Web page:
Backpacking holidays are a great way to explore.
Although this form of vacation is rewarding it’s not for everyone!
Backpacking is cool! Whether you’re enjoying a gap-year after school, a break from your career, or just an extended holiday abroad, backpacking often involves more in-depth preparation than the usual holiday checklist. How far to stretch your budget, how to handle transfers between various places, as well as constantly being on the go, can take some careful consideration.
How to get the most out of your backpacking experience
Do your research
Although a large aspect of the backpacking experience should be spontaneity, this doesn’t mean that a bit of prior research should be avoided completely. Not only will having a flick through the guidebooks give you a bit of inspiration on how to structure your trip, it will get you well and truly excited about embarking on your forthcoming travels.
Besides beating the usual airline baggage charges, you also have to bear in mind that your load will be on your back for longer than the average traveler. So pack sensibly. Do you really need 40 pairs of socks? Nine bottles of sun cream? Remember that even though you are abroad you can still wash clothes and buy toiletries, so save that space for more necessities. And although you may be working on a budget, certain pricier purchases such as an e-reader could save you a lot of space! Similarly, the way you pack could save a lot of hassle. Have essential items such as sunglasses and a good flashlight near the top and things that you won’t need straight away, like bulky items of clothing or shoes, at the bottom of your rucksack.
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Should you pre-book?
Back to that issue of spontaneity – do you plan your travel and accommodation in advance or leave your agenda wide open? The answer to this is really down to timing. Are you doing on a three-week trip around France or doing a six-month stint in Southeast Asia? If you are going on a short backpacking holiday (think two months and under) then maybe having a bit of an itinerary will help you make the most of your short time on the road. However, if you have months and months ahead of you it will be almost impossible to make any concrete plans. Maybe book your first two or three destinations in advance but then give yourself the opportunity to let wanderlust take over.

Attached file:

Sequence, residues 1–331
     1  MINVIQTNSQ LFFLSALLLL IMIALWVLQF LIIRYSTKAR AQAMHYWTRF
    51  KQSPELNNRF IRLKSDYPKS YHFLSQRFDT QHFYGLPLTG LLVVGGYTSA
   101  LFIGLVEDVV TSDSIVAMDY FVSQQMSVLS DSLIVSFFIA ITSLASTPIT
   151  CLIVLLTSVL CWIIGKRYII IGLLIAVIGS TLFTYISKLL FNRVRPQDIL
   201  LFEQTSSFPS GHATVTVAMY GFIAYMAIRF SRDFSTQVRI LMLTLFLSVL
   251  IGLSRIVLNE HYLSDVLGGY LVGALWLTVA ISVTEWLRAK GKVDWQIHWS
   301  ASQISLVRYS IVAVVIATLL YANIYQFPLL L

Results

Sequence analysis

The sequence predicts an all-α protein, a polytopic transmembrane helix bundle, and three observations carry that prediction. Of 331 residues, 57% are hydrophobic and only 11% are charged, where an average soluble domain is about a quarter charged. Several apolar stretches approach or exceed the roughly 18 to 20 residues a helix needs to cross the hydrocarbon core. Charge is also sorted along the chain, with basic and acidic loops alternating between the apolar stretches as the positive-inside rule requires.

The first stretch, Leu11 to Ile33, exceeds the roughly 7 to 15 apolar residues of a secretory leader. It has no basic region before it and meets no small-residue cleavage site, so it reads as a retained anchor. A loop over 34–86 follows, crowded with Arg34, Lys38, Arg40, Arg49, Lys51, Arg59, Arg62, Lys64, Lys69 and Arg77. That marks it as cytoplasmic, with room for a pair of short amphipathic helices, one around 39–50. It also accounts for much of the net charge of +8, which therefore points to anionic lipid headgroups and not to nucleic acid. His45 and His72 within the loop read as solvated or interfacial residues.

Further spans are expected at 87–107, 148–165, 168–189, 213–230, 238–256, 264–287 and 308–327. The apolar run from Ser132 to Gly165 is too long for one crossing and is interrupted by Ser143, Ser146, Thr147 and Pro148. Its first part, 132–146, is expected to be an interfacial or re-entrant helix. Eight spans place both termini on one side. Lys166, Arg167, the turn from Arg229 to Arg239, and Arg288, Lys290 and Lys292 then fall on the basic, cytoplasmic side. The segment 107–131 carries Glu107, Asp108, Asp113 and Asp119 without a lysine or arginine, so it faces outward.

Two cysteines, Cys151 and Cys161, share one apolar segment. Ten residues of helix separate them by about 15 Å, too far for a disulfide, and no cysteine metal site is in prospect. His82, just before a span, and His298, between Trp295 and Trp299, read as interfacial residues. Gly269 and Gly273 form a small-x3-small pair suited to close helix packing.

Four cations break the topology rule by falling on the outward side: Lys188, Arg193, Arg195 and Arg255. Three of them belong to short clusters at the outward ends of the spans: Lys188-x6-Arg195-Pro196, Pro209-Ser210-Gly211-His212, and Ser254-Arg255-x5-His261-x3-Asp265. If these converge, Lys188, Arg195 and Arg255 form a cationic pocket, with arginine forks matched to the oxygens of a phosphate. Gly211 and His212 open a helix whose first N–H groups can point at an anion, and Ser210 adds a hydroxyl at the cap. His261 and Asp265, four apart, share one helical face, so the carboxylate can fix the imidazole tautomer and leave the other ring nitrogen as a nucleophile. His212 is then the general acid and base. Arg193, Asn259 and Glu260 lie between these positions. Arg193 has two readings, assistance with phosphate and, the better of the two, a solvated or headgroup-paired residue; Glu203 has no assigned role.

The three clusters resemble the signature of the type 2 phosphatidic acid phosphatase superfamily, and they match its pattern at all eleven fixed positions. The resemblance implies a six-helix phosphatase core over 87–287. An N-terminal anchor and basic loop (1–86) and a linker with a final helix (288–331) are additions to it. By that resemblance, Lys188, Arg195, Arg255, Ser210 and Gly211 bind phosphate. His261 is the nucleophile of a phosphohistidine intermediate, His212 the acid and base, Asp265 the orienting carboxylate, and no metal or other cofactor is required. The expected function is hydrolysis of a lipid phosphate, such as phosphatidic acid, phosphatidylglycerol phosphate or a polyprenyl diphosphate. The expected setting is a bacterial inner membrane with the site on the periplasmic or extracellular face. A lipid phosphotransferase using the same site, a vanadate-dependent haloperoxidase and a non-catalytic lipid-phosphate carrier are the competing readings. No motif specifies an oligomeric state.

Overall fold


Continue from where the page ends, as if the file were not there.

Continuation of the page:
Save money on attractions
Once you’ve hit the road you may notice money disappearing quicker than you anticipated. But do not fear – there are many ways to save money without sacrificing all the top tourist attractions that you’ve always dreamed of visiting. If you have a student ID remember to flash it as much of possible, it could be your key to free entry and massive discounts on some big attractions, or check out websites like Student Beans for great discounts on travel and attractions (check them out on Facebook too). Also remember to see if the places you are visiting have free days or evenings. Many museums are free of charge in the evenings.
Eat local food and save money
You are going to be visiting many new places and wanting to try many new things. How do you set a budget for all that yummy world food? As nice as it would be to eat in amazing restaurants every day, it’ll begin to put a bit of a dent in your budget. Allow yourself one good meal per location but other than that try some street food or sample interesting things from the local supermarket and cook in the hostel, which is a good way to get talking to fellow travelers.
Make the most of a long journey
It can be easy to waste long train journeys zoning out but these are the ideal places to make some fantastic travel memories. If the person sitting near you is friendly get chatting to them, if they are local they might give you some fantastic advice. If not, get doodling, whether it be making a note of things you want to do or things from your previous destination that you want to remember.
Socialize with other backpackers
Often, backpackers can end up in one of two camps: ‘I will only speak English to English speaking people and this is how I will travel’ or the ‘I want to talk to anyone but English speaking people as I am cultured and want to enjoy the experience’. Both camps are fairly flawed. Only speaking to people from where you are from will vastly limit your experience – you may come back knowing everything about New York, Sydney or Dublin, but that’s not exactly useful when you have been travelling around the Balkans for a month. Part of the fun is battling with language barriers and learning from other people. Similarly, avoiding all other tourists will stop you from getting sage travel advice, whether it be what restaurant does the cheapest food or which hostel in town throws the best party.
Have a great time backpacking!